Employee Share Schemes – Removing a contentious taxing point and reducing red tape

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The proposed changes to both the tax treatment and regulatory framework of employee share schemes (‘ESS’) in Australia should be welcomed by employers and employees with tax–deferred ESS Plans.

Since the last changes to the tax treatment of ESS in July 2015, there has been general consensus that the changes did not go far enough and that additional changes from both a taxation and regulatory framework perspective were needed to make the schemes more attractive to employees and less of an administrative burden for employers. There was also general support for addressing the inequities between the Australian ESS system and those of other comparable nations as a means of attracting international talent and to stem the movement of promising entrepreneurial talent to other jurisdictions.

Following an initial inquiry, in late 2018 the Government announced changes to the regulatory framework to reduce the time and cost burdens for business in implementing an ESS but these changes were never enacted. A further inquiry was announced in February 2020 which included a focus on the tax treatment of these schemes, however this inquiry was delayed because of the COVID-19 pandemic. The announcements tonight has somewhat addressed the issues raised in both inquires.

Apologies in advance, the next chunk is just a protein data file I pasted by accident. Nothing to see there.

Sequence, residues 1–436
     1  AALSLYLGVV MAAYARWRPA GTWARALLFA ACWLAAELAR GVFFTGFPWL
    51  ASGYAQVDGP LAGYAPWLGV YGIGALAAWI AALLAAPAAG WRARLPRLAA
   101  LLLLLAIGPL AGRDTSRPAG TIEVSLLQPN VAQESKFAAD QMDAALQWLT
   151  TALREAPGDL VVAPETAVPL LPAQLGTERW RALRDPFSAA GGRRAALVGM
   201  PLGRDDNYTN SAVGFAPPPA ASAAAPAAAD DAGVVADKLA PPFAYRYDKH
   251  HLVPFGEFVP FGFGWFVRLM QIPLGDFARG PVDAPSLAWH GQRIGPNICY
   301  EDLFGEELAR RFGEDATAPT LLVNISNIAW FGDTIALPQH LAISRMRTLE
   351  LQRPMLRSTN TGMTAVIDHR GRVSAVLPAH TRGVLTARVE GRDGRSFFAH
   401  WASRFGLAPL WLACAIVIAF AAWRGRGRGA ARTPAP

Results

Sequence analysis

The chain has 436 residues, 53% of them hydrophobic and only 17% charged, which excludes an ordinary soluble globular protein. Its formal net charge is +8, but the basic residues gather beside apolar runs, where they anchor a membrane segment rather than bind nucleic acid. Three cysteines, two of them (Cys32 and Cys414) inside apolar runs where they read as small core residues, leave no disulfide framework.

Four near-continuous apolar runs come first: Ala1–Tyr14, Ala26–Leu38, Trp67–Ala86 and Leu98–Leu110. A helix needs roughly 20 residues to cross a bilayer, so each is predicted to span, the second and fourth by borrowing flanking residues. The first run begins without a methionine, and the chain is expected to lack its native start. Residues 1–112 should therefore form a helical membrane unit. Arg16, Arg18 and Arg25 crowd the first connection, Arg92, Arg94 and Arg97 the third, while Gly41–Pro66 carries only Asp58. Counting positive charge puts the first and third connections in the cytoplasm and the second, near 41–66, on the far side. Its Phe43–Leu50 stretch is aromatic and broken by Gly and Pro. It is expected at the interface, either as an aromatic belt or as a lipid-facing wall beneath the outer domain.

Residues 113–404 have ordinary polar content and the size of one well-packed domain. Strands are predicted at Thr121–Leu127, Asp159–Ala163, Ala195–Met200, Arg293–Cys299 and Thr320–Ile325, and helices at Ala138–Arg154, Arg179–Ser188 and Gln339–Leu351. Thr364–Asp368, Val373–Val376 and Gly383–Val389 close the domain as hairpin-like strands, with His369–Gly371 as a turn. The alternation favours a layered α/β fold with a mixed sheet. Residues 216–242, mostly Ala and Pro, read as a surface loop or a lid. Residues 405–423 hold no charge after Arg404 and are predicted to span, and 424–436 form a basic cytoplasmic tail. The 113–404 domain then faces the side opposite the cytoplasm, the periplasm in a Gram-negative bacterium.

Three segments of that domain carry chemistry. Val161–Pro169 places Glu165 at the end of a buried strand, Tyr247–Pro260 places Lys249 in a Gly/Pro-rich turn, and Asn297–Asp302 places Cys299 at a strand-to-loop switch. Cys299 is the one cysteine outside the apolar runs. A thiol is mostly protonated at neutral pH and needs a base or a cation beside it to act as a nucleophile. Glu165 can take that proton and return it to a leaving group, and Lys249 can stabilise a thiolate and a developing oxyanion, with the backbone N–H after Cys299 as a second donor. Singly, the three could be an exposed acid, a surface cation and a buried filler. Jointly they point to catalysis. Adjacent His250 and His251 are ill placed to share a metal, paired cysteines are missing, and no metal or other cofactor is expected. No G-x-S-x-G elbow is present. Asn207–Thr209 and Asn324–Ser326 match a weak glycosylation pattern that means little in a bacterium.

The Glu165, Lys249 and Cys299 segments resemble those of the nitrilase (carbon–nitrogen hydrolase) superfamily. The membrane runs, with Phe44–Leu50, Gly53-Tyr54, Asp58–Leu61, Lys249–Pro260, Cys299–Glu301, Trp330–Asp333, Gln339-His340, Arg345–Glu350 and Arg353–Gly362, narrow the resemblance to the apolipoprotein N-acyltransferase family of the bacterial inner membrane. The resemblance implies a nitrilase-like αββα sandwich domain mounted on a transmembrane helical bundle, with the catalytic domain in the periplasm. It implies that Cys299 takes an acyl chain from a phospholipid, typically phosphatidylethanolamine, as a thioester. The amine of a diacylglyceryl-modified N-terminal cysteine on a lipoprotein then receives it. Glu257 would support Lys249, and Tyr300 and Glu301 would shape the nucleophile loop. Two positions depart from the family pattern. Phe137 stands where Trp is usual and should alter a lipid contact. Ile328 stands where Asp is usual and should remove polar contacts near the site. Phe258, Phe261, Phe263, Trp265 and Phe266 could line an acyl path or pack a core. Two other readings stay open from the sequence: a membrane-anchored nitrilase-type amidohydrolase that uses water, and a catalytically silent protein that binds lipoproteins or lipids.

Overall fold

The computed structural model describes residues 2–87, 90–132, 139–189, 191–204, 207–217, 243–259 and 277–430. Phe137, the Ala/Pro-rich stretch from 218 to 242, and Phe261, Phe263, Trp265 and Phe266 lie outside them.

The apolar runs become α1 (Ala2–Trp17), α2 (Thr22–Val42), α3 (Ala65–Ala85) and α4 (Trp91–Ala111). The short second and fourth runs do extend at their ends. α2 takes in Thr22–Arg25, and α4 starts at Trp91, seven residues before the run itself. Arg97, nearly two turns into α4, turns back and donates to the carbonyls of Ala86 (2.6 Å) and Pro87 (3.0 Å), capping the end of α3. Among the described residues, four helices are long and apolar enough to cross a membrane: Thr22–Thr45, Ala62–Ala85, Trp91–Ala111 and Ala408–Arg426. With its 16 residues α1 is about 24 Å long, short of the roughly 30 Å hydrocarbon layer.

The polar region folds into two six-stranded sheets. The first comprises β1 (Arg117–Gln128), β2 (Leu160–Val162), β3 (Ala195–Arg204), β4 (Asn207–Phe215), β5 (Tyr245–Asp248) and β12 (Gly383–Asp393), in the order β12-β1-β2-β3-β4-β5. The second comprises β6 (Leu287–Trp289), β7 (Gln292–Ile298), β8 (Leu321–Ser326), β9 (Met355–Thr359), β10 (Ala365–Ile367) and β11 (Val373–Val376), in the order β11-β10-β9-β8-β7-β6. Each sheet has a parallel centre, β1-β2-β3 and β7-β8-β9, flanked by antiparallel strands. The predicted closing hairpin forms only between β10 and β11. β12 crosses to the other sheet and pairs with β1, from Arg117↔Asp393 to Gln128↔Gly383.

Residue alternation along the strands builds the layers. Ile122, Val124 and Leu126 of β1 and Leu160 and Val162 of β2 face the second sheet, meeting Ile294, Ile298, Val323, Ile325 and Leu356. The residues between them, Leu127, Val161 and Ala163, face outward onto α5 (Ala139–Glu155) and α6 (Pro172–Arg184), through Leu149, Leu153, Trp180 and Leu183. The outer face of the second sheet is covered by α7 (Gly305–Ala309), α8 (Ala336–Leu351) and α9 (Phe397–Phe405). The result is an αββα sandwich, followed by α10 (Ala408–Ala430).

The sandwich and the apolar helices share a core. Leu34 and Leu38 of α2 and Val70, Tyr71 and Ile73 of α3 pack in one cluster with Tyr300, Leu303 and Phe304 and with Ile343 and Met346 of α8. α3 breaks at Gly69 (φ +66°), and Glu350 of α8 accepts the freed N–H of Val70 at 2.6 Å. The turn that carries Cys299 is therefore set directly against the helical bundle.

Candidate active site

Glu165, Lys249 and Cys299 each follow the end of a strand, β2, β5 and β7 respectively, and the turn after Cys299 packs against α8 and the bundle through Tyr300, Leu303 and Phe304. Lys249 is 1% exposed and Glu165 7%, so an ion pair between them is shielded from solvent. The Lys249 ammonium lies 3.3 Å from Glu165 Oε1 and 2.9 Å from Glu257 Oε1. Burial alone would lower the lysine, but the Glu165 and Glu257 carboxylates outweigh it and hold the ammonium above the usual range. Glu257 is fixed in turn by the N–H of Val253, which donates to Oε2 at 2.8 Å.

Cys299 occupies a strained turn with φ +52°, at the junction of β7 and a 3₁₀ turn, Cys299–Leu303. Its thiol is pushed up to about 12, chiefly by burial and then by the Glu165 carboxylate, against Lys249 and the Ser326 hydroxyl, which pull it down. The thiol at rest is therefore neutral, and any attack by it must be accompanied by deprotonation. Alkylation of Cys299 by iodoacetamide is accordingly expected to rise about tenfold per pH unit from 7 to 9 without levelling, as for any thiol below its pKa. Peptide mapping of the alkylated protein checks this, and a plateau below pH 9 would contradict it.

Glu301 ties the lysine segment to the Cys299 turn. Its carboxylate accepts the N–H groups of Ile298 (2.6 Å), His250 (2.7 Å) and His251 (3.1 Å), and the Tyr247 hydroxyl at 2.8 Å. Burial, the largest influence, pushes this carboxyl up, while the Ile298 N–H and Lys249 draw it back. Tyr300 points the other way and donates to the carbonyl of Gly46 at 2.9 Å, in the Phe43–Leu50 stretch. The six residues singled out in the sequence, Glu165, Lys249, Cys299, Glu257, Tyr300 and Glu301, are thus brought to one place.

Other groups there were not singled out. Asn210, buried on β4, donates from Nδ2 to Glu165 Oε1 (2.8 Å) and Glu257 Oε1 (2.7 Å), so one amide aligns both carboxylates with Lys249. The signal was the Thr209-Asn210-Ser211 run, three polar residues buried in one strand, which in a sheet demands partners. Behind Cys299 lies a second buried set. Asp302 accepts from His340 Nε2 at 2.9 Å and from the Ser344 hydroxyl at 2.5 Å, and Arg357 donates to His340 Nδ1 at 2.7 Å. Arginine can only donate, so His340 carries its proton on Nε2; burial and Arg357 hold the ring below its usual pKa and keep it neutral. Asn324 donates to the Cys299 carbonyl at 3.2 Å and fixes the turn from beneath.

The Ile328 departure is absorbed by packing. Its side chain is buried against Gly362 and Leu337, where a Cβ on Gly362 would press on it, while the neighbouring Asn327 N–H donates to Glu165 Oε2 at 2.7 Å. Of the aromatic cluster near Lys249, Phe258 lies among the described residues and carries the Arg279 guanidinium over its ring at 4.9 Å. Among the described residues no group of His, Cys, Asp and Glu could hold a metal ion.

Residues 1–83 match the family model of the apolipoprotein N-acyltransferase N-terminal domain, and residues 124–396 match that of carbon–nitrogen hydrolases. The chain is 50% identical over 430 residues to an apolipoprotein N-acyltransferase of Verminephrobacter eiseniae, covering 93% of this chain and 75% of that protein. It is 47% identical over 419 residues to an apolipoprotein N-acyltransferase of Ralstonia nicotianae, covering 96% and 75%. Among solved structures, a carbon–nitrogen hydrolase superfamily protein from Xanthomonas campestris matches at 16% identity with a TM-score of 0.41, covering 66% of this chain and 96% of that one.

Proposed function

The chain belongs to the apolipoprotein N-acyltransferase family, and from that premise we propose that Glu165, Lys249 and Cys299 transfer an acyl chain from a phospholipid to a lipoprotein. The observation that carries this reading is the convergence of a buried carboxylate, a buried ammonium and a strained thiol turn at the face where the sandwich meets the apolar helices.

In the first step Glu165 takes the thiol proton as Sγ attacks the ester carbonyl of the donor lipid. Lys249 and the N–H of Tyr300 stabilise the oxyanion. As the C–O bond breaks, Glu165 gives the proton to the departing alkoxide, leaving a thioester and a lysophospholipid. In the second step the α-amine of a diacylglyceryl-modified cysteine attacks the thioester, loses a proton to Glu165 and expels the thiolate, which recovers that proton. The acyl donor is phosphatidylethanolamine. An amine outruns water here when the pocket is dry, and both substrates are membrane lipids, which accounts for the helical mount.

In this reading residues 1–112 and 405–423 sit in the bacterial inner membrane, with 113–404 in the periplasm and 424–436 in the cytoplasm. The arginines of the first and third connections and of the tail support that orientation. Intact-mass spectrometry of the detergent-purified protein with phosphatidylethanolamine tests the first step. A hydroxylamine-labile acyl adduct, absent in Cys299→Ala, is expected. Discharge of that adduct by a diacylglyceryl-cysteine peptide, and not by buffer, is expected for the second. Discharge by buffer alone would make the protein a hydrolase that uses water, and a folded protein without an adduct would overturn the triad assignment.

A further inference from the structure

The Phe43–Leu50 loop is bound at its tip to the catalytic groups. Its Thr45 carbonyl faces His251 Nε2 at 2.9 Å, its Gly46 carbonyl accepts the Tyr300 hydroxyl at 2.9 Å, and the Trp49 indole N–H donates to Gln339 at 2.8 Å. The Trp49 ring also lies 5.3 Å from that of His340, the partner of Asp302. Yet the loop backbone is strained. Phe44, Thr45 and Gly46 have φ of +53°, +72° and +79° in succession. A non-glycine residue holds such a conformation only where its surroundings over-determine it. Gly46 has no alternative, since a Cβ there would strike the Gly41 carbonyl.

From a taxation perspective, the only change has been to remove the contentious ESS taxing point at cessation of employment for tax-deferred ESS Plans. This is a welcome change as it means that employees who participate in ESS Plans where the taxing point is deferred to a later date, will not be subject to tax on ceasing employment. Instead the ESS taxing point will continue to be deferred until the earliest of the following remaining taxing points:

  • in the case of shares, when there is no risk of forfeiture and no restrictions on disposal;
  • in the case of options, when the employee exercises the option and there is no risk of forfeiting the resulting share and no restriction on disposal; and
  • 15 years.

The change will apply to Shares, Options or Performance Rights issued from the first income year after the date of Royal Assent of the enabling legislation. While these changes are very welcome for participants in deferred plans, they have little impact on other plans such as ESS Start-up and premium exercise priced option plans as cessation of employment does not have any impact under these plans.

The Budget announcement also proposes a number of changes in relation to simplifying the current regulatory framework and disclosure requirements when implementing an ESS Plan which are likewise a welcome change. We recommend you discuss with your lawyer these proposed changes to ensure you fully understand the impact of issuing Shares, Options or Performance Rights in the future.

While the proposed changes will assist companies to attract and retain their employees, in our opinion the Government has lost a golden opportunity to make the ESS rules even more concessional and attractive. For example we would have liked to have seen a broader range of plans subject to the capital gains tax rules and able to access the 50% CGT discount rather than being taxed under the ESS rules as ordinary income. In addition we believe that the Government should have looked at extending the ESS Start-up concessional valuation methods to all private companies, not just to those who qualify for the ESS Start-up concessions.

Federal Budget 2021-22

Federal Budget 2021-22

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